Monday, June 19, 2006

God is Gray

An interesting perspective of God. I grew up in a household and religious community in which everything was black or white -- either one extreme, or another. No in-between. No middle ground. No compromising. Compromise was the dirty c-word. My way or the highway.

The rhetoric of exclusion, rather than the message of truth, it seems.

But I also think that sometimes things would be simpler if they were indeed black or white -- if right and wrong were really two distinct polarities. How much more peaceful life would be if everything didn't merge into a murky gray film. But such is life, and it's the grayness of life that keeps us alive, I think -- that ensures that we remain in dialogue, and that we have differences.

Who can blame people for trying to simplify their lives? I can't. I could use a little dose of black and white sometimes myself.


Casey said...

Monica -- do you think there's a link between a "message of truth" and a "rhetoric of exlusion?" I'm interested in hearing a little more about this. Seems like nobody can agree about the definition of "truth" anymore, but I'm allowed to ask!

(In other words: isn't exclusion a function of truth?)

nedric said...

I would hope to be compassionate towards the urge for simplification in certain contexts and call the urge into question in other contexts. Thanks for reminding me of that.

It's curious to me, living in Iowa, how many people can't stand the winter or rain and want the supposed paradise of summertime. They tend to complain about any inclement weather. And either out of spite, or rooting for the underdog, I have developed a real appreciation for murky weather.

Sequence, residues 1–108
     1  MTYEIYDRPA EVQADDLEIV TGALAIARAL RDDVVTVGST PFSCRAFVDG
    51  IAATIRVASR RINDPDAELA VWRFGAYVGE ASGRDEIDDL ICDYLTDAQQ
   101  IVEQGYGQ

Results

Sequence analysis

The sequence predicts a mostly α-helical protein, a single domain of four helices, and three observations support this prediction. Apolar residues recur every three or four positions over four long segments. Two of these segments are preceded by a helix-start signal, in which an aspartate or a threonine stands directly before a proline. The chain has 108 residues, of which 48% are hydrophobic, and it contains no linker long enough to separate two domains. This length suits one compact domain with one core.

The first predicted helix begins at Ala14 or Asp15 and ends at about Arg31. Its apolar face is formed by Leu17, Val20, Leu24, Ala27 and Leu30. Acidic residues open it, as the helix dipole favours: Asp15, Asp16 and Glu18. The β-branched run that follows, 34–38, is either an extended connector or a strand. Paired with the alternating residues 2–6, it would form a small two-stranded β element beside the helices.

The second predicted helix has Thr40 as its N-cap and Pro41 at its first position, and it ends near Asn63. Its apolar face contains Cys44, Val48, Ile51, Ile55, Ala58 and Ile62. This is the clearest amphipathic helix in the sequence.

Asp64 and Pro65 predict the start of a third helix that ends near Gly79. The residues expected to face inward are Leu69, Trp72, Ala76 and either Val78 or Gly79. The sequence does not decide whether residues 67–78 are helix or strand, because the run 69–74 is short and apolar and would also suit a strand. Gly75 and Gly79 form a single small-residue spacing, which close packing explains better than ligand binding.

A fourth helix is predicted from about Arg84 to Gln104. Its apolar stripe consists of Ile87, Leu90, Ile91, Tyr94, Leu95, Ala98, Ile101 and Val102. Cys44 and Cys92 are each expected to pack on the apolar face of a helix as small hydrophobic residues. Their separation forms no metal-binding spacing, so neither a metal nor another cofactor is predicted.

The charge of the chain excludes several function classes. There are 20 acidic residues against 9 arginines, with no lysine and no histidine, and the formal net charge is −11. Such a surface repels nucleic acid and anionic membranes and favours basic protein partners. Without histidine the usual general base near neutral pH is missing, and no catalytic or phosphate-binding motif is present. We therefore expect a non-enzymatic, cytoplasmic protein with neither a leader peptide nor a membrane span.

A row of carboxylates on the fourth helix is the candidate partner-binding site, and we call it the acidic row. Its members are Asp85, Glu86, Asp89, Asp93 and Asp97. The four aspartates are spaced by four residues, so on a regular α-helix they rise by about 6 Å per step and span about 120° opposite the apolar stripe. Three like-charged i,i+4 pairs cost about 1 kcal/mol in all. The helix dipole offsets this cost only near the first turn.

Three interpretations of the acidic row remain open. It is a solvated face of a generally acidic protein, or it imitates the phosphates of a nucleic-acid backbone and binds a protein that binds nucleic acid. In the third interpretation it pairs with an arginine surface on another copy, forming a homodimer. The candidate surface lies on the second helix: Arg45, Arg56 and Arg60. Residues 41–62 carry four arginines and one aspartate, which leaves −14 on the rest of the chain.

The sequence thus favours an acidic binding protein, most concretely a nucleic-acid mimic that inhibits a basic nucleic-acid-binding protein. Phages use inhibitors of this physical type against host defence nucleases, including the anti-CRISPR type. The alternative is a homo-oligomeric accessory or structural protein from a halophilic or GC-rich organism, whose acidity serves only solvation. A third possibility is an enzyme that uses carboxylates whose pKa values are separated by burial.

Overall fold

Monica said...

I think you're right, Casey, about there being a link between truth and a rhetoric of exclusion. I guess I should have put "truth" or "message of truth" in quotation marks. Anyone who claims to have absolute truth is automatically exclusionary -- that's the irony of it all. But that's also somewhat terrifying -- the idea that there is nothing that we can call absolute truth.

And, I agree, Nedric -- murky weather isn't so gloomy. I think I could live in Seattle, for instance. It's kind of nice. A perpetual summertime would not be so nice; even though I'm from southern California, I get this.

Michelle said...

I think that the grayness that is spoken of here speaks to the relationship side of who God is. I view God as one who desires us to be in relationship with Him. For me, its not about a rule book way of living. For example, when I think of all the relationships in my life, there are things that are acceptable for some people to do that are not for others. This depends on my relationship with them, the better they know me the more room they have to lend constructive criticism, but less room for hurtful humor. We were created in God's image, so I think we can relate to God in this way... Above all, He desires meaningful relationships.

Living life under a bunch of rules is stressful, but being free to have a relationship with God is so amazing!